My favorite writers are Murakami, Kurt Vonnegut, J.D. Salinger, Jeffery Eugenides and Margaret Atwood, to name a few.
KY: The intrigue that the readers experience throughout while reading your novel and the narrative pace that makes it a page-turner are two significant reasons that make it suitable for a movie adaptation. I have heard that there has been some interest from Bollywood. Is it true? If yes, whom do you think the role of the protagonist and other lead characters should go to?
AS: There isn’t a concrete movie offer yet but I have set the pieces in motion. Hopefully, something interesting will take shape soon. The story span of 130 years will make it a challenging movie to make from an art director’s perspective. A director who has handled a variety of timelines will be able to do full justice to the story. From a characterization point of view, the chosen actors have to play the full lifespan of the protagonists, which I think is very exciting from an actor’s viewpoint. For example, Shakuntala’s character was born in 1930 in Dalhousie; she lives through various decades of India’s transformations (and hers) and breathed her last in 2002. Her emotional arc moves from one end of the spectrum to another during her journey. Personally, I don’t think a single actor can play the complete curve but Vidya Balan is a perfect choice for Shakuntala as a married woman.
KY: You are also a successful blogger. How much has the experience of being a blogger help you to write better?
AS: I was a very shy and quiet person when I started blogging. Writing something and serving it to unknown readers to judge gave me nightmares. So, I owe the courage to even contemplate the idea of writing a book to the love and encouragement I got from the readers of my blog. It was a wonderful, enriching experience when I was in the thick of it. I used to post 7-8 times a month and my short stories were very well received. I was asked on several occasions about my imaginary book which was nowhere in sight back then. In fact, I can safely say that I was forced into believing in myself by my readers, a quality I lacked till then.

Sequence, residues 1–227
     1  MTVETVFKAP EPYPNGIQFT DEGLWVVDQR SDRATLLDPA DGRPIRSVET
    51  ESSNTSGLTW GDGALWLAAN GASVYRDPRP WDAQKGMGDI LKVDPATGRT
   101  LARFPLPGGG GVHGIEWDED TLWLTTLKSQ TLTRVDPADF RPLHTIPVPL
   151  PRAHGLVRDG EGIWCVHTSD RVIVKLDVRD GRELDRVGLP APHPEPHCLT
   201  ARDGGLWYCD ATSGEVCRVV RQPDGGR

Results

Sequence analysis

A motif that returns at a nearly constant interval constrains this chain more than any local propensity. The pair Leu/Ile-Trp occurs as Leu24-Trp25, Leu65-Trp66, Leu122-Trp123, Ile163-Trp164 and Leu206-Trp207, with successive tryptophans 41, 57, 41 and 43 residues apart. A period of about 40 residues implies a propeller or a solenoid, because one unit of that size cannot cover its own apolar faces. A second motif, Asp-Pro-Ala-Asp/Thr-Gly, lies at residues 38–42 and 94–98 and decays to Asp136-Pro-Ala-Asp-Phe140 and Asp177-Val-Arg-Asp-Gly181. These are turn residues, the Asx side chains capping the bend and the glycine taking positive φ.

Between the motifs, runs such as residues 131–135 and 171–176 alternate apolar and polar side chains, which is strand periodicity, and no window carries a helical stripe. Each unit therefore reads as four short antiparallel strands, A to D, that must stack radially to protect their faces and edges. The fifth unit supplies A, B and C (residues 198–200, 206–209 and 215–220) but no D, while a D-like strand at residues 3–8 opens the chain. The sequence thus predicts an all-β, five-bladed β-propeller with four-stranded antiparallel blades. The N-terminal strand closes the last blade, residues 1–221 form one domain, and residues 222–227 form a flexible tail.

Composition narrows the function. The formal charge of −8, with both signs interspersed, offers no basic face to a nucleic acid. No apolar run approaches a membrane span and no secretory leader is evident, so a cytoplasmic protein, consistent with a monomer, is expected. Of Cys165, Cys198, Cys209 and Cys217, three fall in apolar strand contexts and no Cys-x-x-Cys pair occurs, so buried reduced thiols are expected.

KY: As you have mentioned in the acknowledgment section, your book is inspired from true incidents. How much of it is actually fiction?
AS: Let me categorically state that the novel is 30% fiction. The setting of the pre-independence era story of Shakuntala and her marriage to Manu is largely based on the stories my grandma told me of her life in Dalhousie and is predominantly fiction. I have taken a few snippets from her life, like when she saw an owl (which is considered a bad omen) just before her father’s death.
Most of what happened in Delhi from 1950 till 2002 is based on true facts and incidents. The affection, friction, distrust and malevolence that bind the six protagonists are real. That is one reason the readers found the characters very believable because they were not a mere figment of my imagination. They displayed shades just like a real flesh and blood human, like they did in real life.
From 2002 – 2065, the story takes a fictional turn, largely because I do not know the fate of the protagonists who are still alive. The thread of the secret is fiction.